Texas Republican Congressman Louie Gohmer followed Collins’ argument that women would lose athletic scholarships to “guys who say, ‘I feel like I am a woman.’” He claimed trans women athletes were men competing in women’s sports and that even though it’s not a widespread phenomenon now, “there is no question that problem will continue to arise.”

The Equality Act, Gohmer said, was a message to all women that “it’s just too bad” men should be allowed in their safe spaces, Gohmert called the bill part of a “war on women that should not be allowed.”

“I think when we consider laws to say something is equal like testosterone, the testimonies already indicate it’s clear in the medical literature, it does make a difference,” Gohmert said.

The Republicans called as witnesses former athlete and law Professor Doriane Lambelet Coleman of Duke University, and an anti-trans lesbian and former law and policy co-chair for Baltimore City’s LGBTQ Commission, Julie Beck. Each testified against the Equality Act based on their opposition to transgender women participating in sports.

Repeating the fallacy that trans women are men, Beck said the bill if passed would allow men to dominate women’s sports and girls who would have taken first place will be denied scholastic opportunities. In addition, male rapists would go to women’s prisons and assault female inmates, and female survivors of rape would be unable to contest male presence in women’s shelters.

“Everything I just listed is already happening, and it’s only going to get worse if gender identity is recognized in federal law,” Beck said. “The authors of this bill have done a lot of work to make it sound like gender identity is well understood and has been around for a long time, but it’s a new concept that can only ever refer to stereotypes and unverifiable claims.”

“Those of us who are athletes know that separation on the basis of sex is necessary to achieve equality in this space,” Coleman said. She ran the 800 meters in collegiate and international competition and was a multiple All American, All East, and All Ivy athlete. In addition, Coleman was the U.S. National Collegiate Indoor Champion in 1982, and the Swiss National Champion in 1982 and 1983.

“With respect, it is accepted, beyond dispute, that males and females are materially different with respect to the main physical attributes that contribute to athletic performance.”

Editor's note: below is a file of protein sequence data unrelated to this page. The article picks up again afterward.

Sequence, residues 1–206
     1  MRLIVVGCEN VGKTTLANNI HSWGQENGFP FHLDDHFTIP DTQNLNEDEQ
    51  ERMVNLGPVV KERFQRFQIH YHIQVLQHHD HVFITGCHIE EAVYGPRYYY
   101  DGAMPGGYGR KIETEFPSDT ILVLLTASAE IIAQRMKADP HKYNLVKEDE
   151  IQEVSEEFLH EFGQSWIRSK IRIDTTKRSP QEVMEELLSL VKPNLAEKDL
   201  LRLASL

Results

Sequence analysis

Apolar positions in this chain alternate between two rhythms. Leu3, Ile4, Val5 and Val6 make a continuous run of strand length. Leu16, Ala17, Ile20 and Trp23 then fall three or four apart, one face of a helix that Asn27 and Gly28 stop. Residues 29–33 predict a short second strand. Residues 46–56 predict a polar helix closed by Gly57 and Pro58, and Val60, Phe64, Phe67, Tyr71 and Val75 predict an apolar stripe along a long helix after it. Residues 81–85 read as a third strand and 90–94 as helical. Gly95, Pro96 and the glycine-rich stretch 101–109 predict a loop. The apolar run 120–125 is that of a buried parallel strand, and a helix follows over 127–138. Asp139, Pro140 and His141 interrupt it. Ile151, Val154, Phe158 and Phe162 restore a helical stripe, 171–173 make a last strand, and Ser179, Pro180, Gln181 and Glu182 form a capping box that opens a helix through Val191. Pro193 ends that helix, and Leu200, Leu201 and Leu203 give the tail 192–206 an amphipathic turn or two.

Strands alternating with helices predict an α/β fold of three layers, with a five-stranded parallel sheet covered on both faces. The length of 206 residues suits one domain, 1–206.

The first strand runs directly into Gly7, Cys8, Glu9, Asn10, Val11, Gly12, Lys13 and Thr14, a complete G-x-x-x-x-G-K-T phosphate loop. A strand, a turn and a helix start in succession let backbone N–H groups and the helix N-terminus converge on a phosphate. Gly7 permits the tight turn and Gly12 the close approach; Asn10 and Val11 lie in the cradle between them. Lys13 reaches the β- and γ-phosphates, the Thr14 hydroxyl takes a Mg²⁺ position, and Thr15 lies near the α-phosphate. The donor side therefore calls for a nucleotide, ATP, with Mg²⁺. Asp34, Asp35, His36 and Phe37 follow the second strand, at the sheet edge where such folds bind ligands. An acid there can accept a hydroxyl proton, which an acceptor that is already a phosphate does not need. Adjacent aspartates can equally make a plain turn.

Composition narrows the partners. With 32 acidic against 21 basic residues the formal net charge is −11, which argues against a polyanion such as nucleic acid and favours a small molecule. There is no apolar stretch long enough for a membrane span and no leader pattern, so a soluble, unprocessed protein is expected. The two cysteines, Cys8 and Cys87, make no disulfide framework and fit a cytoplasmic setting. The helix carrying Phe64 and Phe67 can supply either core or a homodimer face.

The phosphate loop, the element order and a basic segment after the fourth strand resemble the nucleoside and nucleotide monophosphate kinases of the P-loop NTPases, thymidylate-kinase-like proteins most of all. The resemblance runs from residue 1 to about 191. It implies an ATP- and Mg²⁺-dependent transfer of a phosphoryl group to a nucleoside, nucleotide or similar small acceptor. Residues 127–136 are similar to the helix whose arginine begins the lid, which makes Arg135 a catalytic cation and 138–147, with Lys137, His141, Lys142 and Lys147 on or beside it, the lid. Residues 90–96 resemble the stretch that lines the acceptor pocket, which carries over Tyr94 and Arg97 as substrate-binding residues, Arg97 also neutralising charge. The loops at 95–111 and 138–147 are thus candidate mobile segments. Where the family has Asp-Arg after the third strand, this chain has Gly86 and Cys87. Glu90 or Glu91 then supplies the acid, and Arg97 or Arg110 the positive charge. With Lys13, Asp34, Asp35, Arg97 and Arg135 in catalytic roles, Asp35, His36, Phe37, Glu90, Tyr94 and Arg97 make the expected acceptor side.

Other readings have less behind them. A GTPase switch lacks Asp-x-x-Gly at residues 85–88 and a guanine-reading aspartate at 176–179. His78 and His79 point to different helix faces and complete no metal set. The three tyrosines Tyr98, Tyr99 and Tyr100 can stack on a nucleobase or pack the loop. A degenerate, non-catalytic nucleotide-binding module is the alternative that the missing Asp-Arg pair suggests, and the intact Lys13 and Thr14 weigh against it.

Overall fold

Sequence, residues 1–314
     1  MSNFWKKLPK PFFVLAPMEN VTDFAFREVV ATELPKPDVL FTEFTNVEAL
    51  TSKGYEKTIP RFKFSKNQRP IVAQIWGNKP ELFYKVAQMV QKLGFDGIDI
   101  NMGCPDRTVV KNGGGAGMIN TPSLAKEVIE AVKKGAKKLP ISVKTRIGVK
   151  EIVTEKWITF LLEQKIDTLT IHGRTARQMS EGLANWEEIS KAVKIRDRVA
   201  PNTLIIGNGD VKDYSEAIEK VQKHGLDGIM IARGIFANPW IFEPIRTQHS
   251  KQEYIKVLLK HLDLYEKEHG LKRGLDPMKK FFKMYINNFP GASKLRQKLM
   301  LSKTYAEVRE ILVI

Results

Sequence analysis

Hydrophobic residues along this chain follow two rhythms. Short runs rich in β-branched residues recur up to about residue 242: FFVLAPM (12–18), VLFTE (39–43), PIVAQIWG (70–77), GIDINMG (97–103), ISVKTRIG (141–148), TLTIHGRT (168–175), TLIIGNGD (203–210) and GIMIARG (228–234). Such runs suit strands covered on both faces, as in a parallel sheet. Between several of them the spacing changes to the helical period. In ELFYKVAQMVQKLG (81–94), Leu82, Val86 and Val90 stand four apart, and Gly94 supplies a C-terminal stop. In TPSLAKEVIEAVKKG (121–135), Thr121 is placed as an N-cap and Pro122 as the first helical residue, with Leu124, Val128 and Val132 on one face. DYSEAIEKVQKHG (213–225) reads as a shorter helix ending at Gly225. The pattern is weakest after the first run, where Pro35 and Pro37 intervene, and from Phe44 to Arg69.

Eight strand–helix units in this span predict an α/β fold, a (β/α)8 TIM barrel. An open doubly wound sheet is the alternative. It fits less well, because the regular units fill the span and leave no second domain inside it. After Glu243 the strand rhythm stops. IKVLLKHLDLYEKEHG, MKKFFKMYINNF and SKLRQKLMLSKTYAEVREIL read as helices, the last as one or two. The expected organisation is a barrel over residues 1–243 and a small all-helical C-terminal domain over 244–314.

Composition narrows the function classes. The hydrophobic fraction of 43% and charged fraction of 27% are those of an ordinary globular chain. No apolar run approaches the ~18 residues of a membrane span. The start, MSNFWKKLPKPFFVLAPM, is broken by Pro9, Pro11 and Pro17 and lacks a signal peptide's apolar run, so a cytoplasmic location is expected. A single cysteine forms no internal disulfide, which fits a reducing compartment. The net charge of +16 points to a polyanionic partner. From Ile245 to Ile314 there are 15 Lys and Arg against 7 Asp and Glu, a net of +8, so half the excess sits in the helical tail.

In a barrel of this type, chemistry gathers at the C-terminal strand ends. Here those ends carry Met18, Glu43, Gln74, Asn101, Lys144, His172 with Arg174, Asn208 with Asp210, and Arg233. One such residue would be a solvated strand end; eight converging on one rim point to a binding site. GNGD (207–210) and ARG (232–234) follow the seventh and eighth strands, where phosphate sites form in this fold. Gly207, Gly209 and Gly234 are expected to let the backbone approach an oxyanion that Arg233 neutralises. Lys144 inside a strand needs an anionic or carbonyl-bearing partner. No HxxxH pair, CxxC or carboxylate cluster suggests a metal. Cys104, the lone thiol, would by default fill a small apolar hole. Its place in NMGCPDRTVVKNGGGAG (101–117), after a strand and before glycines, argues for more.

Coleman added she thinks transgender women should be allowed to take part in sports, but called for the bill to require testing of testosterone levels, for transgender women to be permitted to participate.

Rep. Val Butler Demings of Florida railed against these claims that the Equality Act would destroy women’s sports. She described Republicans’ focus on sports as “looking for a technicality to continue to justify discrimination” against LGBTQ Americans.

“America just cannot seem to get past tearing other people down who are different in some way,” Demings said. “Our past is so ugly in this area. I would think that we would all do everything we can within our power to make it right, but instead, we sit here today, at least my colleagues on the other side of the aisle and look for a technicality to continue to justify discrimination in what I do believe is the greatest country in the world.”

The only transgender witness called to testify at the hearing, Carter Brown, had this to say:

“We’ve heard a lot about transgender people as a threat, in the bathroom, in sports.” Brown leads an organization called Black Transmen Inc. “My identity is not a threat to anyone else. As it stands, it’s a threat to me and my ability to provide for myself and my family.”

A land that does not provide federal protection from discrimination explicitly for LGBTQ Americans is “not a level playing field,” he said.

Rep. Debbie Mucarsel-Powell of Florida used her time to make it clear, no man is going to transition to female just to win a game or a trophy. And her colleague, Congresswoman Pramila Jayapal of Seattle, spoke movingly about her adult child who is gender nonconforming. Watch the video here.

During House Judiciary today, I shared why the #EqualityAct is so personal to me and my family. My child is finally free to be who they are. With that freedom comes a responsibility, for us as legislators, to legislate with love and not fear.

Posted by Congresswoman Pramila Jayapal on Tuesday, April 2, 2019